A third scale, based on duration of symptoms, is widely used. In this classification system, the term “acute” is used when symptoms have been present for less than 6 weeks, “subacute” describes symptoms present between six and 12 weeks, and “chronic” is used for symptoms lasting three months or more. The average duration of symptoms can be as long as 19 months in recreational athletes and 32 months in elite athletes. Nearly one-third of those with jumper’s knee are unable to return to sport within 6 months and more than half don’t return at all.
Although jumper’s knee may involve any portion of the patellar tendon, the proximal patellar tendon at its insertion on the inferior pole of the patella is most often affected. The symptoms most often reported by athletes with jumper’s knee are pain in the region of the patellar tendon, swelling, and limitations when running, jumping, squatting, sitting, stair-climbing, or walking.
Resting pain is not typically associated with patellar tendinopathy. The symptoms of patellar tendinopathy are often long lasting and may lead to protracted disability. A detailed history and through physical examination are key to detecting patellar tendinopathy and the clinician should be sure to inquire about sport participation, practice and competition schedules, field/court position, and level of performance.
Causes of jumper’s knee
The most common cause of jumper’s knee is overuse of the extensor mechanism of the knee. Mechanical stresses associated with athletic activities such as jumping, landing, acceleration, deceleration, and cutting may all contribute to the repetitive loading to the tendon. Constant repetition within a session, or too little recovery time between sessions, can lead to micro-tearing of the tendon. Over time, these microtears cause progressive weakening and eventual failure of the tendon.
There can be intrinsic causes of jumper’s knee as well. Ligamentous laxity, excessive Q-angle, patella alta, and pronation can predispose an individual to this pathology. Impairments of the hip, knee, and foot/ankle may directly or indirectly influence movement patterns or anatomical alignment.
Diagnosis of jumper’s knee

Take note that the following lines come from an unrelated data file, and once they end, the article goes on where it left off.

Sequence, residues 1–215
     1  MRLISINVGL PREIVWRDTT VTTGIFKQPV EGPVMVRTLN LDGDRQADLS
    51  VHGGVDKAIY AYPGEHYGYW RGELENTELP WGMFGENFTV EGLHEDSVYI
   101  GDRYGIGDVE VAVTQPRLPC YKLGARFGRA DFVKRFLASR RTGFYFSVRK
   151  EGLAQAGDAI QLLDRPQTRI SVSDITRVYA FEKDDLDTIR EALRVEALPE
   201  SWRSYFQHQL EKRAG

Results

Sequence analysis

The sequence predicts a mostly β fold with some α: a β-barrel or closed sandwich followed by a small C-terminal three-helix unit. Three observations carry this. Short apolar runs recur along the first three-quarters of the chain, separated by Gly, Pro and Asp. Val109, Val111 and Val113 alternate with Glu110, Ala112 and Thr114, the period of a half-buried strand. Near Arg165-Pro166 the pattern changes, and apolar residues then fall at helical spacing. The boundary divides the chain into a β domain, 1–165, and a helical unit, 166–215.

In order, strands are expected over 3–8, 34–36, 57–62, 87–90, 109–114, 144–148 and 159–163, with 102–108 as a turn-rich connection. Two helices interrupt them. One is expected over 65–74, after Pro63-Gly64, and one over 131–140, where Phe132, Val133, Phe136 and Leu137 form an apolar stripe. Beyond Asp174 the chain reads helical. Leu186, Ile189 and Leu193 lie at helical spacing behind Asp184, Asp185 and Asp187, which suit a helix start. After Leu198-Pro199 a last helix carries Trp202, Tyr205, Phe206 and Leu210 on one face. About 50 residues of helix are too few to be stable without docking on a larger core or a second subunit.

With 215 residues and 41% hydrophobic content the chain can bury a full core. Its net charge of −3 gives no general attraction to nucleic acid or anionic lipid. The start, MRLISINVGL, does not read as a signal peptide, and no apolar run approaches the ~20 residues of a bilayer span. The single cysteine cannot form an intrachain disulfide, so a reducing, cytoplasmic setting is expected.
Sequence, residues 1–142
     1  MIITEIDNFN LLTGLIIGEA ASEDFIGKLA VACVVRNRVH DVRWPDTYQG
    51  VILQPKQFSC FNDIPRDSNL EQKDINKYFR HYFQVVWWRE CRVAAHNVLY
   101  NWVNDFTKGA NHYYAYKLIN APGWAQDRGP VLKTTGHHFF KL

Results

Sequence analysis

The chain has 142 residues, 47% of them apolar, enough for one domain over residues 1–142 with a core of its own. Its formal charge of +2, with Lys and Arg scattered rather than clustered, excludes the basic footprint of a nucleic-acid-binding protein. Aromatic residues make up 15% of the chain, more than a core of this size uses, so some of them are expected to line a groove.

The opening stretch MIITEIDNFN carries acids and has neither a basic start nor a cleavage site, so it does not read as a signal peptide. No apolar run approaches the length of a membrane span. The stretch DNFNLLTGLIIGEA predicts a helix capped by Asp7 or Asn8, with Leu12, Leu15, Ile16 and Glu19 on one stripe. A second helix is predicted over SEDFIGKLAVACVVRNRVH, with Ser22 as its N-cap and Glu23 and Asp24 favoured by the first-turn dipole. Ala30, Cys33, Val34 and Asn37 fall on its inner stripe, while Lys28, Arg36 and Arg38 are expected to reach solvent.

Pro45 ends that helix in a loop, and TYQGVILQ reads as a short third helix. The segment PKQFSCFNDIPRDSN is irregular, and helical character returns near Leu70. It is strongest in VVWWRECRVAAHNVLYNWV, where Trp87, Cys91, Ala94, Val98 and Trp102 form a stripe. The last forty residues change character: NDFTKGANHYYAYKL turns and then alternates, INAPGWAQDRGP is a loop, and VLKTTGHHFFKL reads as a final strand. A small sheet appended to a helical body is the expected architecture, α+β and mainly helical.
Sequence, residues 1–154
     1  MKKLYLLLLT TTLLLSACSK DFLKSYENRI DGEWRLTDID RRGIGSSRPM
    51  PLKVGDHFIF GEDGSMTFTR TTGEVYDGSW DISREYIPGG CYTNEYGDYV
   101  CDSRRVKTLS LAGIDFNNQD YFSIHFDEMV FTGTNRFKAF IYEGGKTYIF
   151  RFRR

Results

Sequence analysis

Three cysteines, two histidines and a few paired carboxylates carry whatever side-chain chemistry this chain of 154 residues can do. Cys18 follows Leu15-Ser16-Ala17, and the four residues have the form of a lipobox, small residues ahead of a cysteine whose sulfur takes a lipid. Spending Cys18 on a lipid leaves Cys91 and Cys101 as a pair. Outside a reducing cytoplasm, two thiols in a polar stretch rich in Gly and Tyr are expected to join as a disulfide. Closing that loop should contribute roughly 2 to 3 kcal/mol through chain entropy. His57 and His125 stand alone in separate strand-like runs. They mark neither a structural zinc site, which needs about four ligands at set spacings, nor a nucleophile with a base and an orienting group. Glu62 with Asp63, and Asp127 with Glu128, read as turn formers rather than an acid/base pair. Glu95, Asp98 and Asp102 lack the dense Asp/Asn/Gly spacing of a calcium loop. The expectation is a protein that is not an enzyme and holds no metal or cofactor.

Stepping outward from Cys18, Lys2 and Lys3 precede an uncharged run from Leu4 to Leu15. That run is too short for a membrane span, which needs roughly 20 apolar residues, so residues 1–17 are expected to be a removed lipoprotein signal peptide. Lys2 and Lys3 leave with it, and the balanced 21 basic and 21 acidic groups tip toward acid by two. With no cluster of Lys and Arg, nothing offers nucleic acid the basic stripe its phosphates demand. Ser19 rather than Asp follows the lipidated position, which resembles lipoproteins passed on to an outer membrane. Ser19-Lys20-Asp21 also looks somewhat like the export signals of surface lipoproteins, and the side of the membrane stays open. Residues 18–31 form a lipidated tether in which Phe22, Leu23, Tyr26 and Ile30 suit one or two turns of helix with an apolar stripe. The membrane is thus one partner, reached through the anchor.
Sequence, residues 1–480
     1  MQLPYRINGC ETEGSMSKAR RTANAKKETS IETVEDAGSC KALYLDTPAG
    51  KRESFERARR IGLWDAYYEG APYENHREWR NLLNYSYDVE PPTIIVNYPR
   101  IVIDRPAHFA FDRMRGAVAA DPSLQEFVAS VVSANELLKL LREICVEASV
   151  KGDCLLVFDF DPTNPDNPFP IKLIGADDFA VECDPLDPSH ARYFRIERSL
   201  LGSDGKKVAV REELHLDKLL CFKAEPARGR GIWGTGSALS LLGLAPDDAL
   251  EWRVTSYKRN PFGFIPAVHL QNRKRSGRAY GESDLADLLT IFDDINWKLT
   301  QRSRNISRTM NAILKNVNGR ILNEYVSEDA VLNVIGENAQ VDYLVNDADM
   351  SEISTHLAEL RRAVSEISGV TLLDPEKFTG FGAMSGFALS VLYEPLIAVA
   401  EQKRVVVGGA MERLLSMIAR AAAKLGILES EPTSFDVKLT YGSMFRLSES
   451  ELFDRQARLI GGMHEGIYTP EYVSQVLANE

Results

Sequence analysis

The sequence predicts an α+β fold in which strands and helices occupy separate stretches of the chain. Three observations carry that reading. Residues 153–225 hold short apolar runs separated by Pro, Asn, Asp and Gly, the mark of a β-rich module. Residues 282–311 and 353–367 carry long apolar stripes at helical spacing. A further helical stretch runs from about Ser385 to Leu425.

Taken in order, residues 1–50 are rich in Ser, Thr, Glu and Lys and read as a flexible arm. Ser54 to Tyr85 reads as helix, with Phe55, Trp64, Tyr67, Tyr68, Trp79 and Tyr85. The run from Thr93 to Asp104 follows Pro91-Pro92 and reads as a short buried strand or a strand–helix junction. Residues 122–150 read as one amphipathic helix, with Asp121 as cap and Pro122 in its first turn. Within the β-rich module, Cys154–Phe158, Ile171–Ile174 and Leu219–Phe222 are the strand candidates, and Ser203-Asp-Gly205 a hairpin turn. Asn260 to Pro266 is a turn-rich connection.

Making the diagnosis of patellar tendinopathy is predicated on a skilled history and physical examination. One of the most critical factors in the differential diagnosis of patellar tendinopathy is the age of the individual. Patellar tendinopathy is generally seen in adolescents. Young, active people may also incur injury related to excessive stresses to open growth plates.
Disruption of the growth plate can result in Osgood-Schlatter syndrome (a common stress reaction at the tibial tuberosity) or the less common Sinding-Larsen-Johansson syndrome (stress reaction at the inferior pole of the patella), both which may cause anterior knee pain.
The pain in this condition is typically easily identified by the patient. Pain that is variable in nature and location generally corresponds to structures in the region of the patellar tendon, whereas pain from the patellar tendon is focal (inferior pole of the patella). Radiographs may be used to exclude bony disorders such as Osgood Schlatter syndrome or osteochondritis dissecans. MRI may be used as well, however, differentiating between high-grade tendinosis and partial thickness tears is unreliable using this imaging method. Diagnostic ultrasound is likely to present a more clear picture in the differentiation of severity.
The differential diagnosis of jumper’s knee seeks to exclude patellofemoral pain, plica injury, osteochondral lesions, bursitis, and fat pad involvement. Patellar tendinopathy can easily be differentiated from quadriceps tendinopathy by the location of the pain (patellar tendon vs. quadriceps tendon). Individuals with patellofemoral pain (PFPS) often experience aggravation of their symptoms with low-load activities, such as walking, running, or cycling, whereas patellar tendinopathy usually occurs with high-load training.